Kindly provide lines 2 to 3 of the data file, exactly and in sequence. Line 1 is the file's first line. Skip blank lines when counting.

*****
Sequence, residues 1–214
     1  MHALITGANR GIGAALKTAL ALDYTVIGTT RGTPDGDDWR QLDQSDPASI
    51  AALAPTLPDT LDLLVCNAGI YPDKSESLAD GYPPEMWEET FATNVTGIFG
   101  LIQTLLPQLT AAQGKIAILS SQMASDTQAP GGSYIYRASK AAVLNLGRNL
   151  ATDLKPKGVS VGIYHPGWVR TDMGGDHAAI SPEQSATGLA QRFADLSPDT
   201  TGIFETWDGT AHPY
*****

     1  MHALITGANR GIGAALKTAL ALDYTVIGTT RGTPDGDDWR QLDQSDPASI
    51  AALAPTLPDT LDLLVCNAGI YPDKSESLAD GYPPEMWEET FATNVTGIFG